Imagine a world where you can talk to anyone from anywhere and still understand each other even though you’re speaking in different languages. Microsoft’s Skype aims to break the language barrier through Skype Translator, which they claim to be semantically and grammatically correct and can be used in real time.
Skype already processes over 2 billion minutes of conversation in a day, and with this new technology even more new connections can be made. This can only mean new possibilities and more opportunities on a global level. Developed over more than a decade, Skype Translator is still being fine-tuned by developers to become the ultimate universal translator. Nevertheless, its release as a Windows 8 beta app is set to be by the end of the 2014.
How does this technology work?
Using deep neural networks, which are said to be more accurate when it comes to acoustic modeling in speech recognition, Skype Translator operates through the combination of audio and messaging technology. The software will translate voice messages and will then pop out translated text and voice-over audio. It’s kind of like having subtitled conversations in a way, operating on a near real-time capacity.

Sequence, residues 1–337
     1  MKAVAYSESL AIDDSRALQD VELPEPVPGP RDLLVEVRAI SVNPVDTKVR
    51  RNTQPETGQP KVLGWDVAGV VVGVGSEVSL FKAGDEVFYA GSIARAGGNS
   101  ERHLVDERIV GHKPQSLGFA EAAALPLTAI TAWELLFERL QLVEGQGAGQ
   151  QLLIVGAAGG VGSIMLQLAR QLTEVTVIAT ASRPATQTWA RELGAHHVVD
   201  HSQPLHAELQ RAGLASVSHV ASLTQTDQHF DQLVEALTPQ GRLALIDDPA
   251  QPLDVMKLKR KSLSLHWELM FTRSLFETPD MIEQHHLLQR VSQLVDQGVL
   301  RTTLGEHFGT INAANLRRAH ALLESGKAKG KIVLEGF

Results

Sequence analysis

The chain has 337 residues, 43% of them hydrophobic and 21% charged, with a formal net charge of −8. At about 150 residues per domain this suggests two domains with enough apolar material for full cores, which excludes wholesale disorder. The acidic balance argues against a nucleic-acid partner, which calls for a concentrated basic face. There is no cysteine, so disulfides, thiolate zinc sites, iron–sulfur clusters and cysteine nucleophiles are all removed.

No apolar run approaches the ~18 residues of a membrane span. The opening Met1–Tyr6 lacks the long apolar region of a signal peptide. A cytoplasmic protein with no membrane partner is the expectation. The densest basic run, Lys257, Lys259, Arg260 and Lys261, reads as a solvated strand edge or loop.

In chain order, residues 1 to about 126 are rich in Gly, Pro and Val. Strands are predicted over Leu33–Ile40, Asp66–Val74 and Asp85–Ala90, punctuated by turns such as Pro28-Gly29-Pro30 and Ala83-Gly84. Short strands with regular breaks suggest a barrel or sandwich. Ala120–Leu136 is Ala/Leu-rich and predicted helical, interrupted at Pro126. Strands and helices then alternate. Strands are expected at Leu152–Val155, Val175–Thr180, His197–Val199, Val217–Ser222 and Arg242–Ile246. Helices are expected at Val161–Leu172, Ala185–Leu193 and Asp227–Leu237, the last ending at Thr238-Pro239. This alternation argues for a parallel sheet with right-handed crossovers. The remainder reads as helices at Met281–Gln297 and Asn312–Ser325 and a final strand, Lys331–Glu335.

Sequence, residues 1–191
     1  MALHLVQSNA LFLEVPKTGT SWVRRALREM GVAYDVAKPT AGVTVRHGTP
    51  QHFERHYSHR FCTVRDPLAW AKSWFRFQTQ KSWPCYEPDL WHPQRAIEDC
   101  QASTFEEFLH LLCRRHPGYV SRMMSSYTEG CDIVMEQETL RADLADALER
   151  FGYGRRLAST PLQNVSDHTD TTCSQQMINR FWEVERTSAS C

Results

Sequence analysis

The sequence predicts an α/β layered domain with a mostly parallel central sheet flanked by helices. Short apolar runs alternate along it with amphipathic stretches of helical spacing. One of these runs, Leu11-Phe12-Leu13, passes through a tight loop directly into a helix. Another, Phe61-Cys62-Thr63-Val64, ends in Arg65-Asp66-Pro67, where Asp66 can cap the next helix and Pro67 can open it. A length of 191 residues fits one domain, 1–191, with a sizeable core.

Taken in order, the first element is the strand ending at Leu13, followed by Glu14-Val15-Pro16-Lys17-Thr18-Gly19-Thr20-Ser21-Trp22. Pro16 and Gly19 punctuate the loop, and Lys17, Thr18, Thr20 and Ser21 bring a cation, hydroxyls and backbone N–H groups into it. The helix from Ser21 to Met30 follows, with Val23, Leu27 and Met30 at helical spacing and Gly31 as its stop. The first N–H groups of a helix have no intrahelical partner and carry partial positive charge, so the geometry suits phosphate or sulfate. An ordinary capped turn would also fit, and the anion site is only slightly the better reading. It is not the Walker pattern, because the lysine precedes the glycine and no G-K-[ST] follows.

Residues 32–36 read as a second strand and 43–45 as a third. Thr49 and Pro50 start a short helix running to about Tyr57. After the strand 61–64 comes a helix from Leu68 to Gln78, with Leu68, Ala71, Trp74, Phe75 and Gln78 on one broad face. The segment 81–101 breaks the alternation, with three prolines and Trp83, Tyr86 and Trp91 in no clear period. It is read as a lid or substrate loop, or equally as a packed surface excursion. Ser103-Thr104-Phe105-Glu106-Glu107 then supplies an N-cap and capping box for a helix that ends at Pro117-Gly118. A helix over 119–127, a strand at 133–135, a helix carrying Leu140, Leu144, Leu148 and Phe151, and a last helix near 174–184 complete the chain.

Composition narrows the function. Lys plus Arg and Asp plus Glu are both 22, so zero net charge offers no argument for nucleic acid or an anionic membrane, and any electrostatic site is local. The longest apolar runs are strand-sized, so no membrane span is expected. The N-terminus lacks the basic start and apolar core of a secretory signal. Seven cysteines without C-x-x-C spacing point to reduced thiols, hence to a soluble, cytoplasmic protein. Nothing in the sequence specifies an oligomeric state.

Let’s say you speak French the person you’re Skype-ing with speaks English. The person you are talking to will hear you speak in French, to be followed by a translated version of what you just said in English through speech and text.
With media this rich, where you can hear the person’s tone of voice and see their facial expressions at the same time, this technology will cross cultural boundaries and make communicating with other nationalities easier and more accessible. Some are already saying that this technology might even change the world – and if it shows that it can do all that it says it can, then it very well could.